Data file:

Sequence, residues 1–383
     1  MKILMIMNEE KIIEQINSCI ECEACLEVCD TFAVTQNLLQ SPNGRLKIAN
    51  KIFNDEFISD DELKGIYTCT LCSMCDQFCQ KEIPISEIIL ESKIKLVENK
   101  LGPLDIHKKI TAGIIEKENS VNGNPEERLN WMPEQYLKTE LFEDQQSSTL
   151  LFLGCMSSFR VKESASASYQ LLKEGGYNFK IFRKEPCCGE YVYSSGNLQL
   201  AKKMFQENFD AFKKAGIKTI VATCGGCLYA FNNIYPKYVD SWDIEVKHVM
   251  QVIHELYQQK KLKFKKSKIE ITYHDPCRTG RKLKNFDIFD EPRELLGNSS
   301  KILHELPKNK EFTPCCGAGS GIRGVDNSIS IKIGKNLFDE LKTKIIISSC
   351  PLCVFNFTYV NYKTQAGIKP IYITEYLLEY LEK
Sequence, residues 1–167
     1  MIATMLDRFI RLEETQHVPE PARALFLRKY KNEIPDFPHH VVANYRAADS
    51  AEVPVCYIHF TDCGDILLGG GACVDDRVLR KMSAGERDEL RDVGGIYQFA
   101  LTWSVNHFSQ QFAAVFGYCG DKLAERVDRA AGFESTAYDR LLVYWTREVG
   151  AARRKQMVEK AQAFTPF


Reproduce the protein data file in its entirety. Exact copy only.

Sequence, residues 1–383
     1  MKILMIMNEE KIIEQINSCI ECEACLEVCD TFAVTQNLLQ SPNGRLKIAN
    51  KIFNDEFISD DELKGIYTCT LCSMCDQFCQ KEIPISEIIL ESKIKLVENK
   101  LGPLDIHKKI TAGIIEKENS VNGNPEERLN WMPEQYLKTE LFEDQQSSTL
   151  LFLGCMSSFR VKESASASYQ LLKEGGYNFK IFRKEPCCGE YVYSSGNLQL
   201  AKKMFQENFD AFKKAGIKTI VATCGGCLYA FNNIYPKYVD SWDIEVKHVM
   251  QVIHELYQQK KLKFKKSKIE ITYHDPCRTG RKLKNFDIFD EPRELLGNSS
   301  KILHELPKNK EFTPCCGAGS GIRGVDNSIS IKIGKNLFDE LKTKIIISSC
   351  PLCVFNFTYV NYKTQAGIKP IYITEYLLEY LEK
Sequence, residues 1–167
     1  MIATMLDRFI RLEETQHVPE PARALFLRKY KNEIPDFPHH VVANYRAADS
    51  AEVPVCYIHF TDCGDILLGG GACVDDRVLR KMSAGERDEL RDVGGIYQFA
   101  LTWSVNHFSQ QFAAVFGYCG DKLAERVDRA AGFESTAYDR LLVYWTREVG
   151  AARRKQMVEK AQAFTPF